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Say Adios to the Babymoon and Embrace Adventure With Kids

I always find that my kids can hike farther, climb higher or process deeper than I might think. It's the most beautiful thing to watch them adapt, learn, make friends in new places and begin to understand the concept of empathy.
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I'm not a fan of the Babymoon. This is the sister ritual to the honeymoon (except it's really more like a bachelor(ette) party), where expectant parents take one last vacation before their first baby arrives. Entire websites are dedicated to this last hurrah, promoting awe-inspiring destinations like Hawaii, California and Aruba, and promising All-U-Can-Handle relaxation. Which admittedly, sounds tempting in that third trimester of pregnancy, when things are feeling pretty weighty. The idea of escape is alluring.

But to mem, the Babymoon sounds dismal. On the surface, it seems benign -- I mean, who doesn't want to drink a virgin daiquiri while overlooking the Caribbean -- but on a deeper level, I believe it contributes to a psychological shift; a concession. It screams, "Quick, have fun before your life is overtaken with diapers and spit-up and college savings funds!"

Sure, welcoming a baby is a big change. I have two young kids, so I know. As soon as the umbilical cord is cut, a litany of responsibilities ensue. Big love takes hold. In the whirlwind, it's easy to watch the things that make you feel whole as an individual -- for me, this includes travel and outdoor adventure -- slide to the back burner, joining the list called "Things We Did Before Kids."

When I was pregnant with my first child, I dug in my heels and refused to let my diapers become my new white canvas. I ignored the Babymoon, putting the money we would've spent on a luxurious getaway into a Travel Fund, and I made a list of things I wanted to do after our baby was born: sailing, hiking the desert, visiting off-the-beaten-path Mexico. I was already an avid adventurer -- taking solo road trips through Wyoming and Montana, backpacking the mountains with my husband, traveling to Costa Rica and Germany on my frugal budget. "Adventurous woman" was an important part of my identity. No matter how much spit-up covered my hiking boots, I wasn't letting that go.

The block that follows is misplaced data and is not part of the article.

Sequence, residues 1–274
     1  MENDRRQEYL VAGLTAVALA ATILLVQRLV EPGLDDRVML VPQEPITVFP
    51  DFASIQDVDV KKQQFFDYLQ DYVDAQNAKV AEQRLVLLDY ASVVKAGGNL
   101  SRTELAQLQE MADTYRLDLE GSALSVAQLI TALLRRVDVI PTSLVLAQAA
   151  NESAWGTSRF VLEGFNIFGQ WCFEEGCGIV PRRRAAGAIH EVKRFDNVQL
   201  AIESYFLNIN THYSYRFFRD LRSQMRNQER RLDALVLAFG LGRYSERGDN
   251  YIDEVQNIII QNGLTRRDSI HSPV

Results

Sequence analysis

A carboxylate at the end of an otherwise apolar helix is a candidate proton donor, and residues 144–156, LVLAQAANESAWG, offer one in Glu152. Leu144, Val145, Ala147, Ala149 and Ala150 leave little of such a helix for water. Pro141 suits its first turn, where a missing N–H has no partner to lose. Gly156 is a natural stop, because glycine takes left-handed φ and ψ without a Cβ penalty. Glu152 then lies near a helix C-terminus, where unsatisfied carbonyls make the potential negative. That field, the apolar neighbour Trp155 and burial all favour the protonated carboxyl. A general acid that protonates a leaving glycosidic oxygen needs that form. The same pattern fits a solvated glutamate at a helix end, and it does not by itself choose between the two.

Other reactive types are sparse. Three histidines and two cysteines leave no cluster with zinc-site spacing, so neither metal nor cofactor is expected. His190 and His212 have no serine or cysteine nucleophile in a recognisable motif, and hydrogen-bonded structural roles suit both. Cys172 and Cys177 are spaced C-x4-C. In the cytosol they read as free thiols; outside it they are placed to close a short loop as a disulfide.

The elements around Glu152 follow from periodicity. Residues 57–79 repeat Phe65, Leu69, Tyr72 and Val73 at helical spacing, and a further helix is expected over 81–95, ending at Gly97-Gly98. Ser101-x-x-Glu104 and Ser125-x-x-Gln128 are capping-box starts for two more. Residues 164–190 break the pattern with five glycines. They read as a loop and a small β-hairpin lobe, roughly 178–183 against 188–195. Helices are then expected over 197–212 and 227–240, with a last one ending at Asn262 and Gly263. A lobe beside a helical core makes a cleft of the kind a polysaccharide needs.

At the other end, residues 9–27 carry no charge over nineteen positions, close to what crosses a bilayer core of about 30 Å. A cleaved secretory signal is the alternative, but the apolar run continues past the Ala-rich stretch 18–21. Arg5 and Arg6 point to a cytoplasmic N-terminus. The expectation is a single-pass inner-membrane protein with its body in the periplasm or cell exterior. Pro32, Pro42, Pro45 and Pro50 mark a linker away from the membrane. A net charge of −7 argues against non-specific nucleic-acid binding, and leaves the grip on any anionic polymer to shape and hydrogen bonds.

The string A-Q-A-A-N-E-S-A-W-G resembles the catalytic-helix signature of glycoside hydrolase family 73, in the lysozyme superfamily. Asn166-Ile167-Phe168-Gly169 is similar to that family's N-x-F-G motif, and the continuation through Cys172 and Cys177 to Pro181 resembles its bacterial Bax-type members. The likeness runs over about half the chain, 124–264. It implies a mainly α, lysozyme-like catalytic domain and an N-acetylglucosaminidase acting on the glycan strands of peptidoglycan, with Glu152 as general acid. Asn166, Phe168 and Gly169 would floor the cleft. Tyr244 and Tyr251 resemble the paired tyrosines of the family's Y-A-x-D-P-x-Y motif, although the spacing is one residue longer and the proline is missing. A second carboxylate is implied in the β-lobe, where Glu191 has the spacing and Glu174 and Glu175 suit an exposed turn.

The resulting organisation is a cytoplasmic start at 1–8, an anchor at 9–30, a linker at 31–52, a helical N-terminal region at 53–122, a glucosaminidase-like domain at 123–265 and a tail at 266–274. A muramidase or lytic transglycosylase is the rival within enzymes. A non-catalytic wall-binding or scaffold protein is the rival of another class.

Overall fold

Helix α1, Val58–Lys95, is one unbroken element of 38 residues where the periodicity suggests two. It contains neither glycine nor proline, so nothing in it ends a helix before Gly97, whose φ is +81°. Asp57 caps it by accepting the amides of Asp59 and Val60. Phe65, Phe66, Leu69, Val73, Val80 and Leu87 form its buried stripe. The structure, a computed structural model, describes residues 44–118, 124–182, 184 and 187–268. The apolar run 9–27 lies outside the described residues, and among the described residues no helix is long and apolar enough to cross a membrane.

We started small. At four weeks postpartum, my husband and I ventured with our newborn to a cabin in Northern Colorado, a couple of hours from our house. We were able to drive up to the front door, allowing us to take things that made us comfortable as new parents, which was a lot of stuff, including several pacifiers and a bouncy chair. I remember being nervous. How would our baby handle the high altitude? Would any of us get sleep outside of our usual environment? But our pediatrician gave us the green light, so we went.

The trip was encouraging. We relaxed into the coziness of the simple accommodations, read books, walked in the woods and curled up by the fireplace. I even took a couple of short solo hikes. None of the challenges we encountered were any different from the things that were happening at home, yet here we were, in a place that was rejuvenating for my husband and me, and the experience built confidence.

Our next adventure, when our son was four months old, was a backpacking trip into the wilderness. Since then, a second child has joined our family. She got her passport at four months of age, in preparation for the trip to Mexico that was on my list. And the explorations have continued. Our family has even tried some extended travel on a middle-class budget, including a two-month excursion south-of-the border. And with the help of a supportive family, I've managed to accomplish some of the solo trips that I'd hoped motherhood wouldn't squash. I sailed the Aegean Sea off the coast of Turkey for 10 days, and I followed a dream to Rome.

Don't get me wrong. I've had to wrestle with lots of emotions, like guilt, and adventure isn't as spontaneous as it used to be. Children need snacks, diapers, incentives for not whining and other things that require brain power. Nevertheless, it's incredible to take even young kids out of their comfort zone and watch them work it out. I marvel when they notice things I might not even see: rocks, bugs, moss. And I'm hugely challenged when they see stuff I'd rather they not experience, like kids in rural Mexico training their roosters for a cockfight.

But all of this opens doors to conversation and life experience, and I always find that my kids can hike farther, climb higher or process deeper than I might think. It's the most beautiful thing to watch them adapt, learn, make friends in new places and begin to understand the concept of empathy. I also find that I'm a better mother when I return from solo trips, feeling fresh after having my own personal hunger for exploration slaked.

So, I say adios to the Babymoon, or at least to what it represents. The exploring continues. My goal for these blog posts is examine this topic more deeply, share ideas and tips, and learn from the readers in this community. I look forward to the exchange of ideas, so please don't hesitate to contribute your thoughts.

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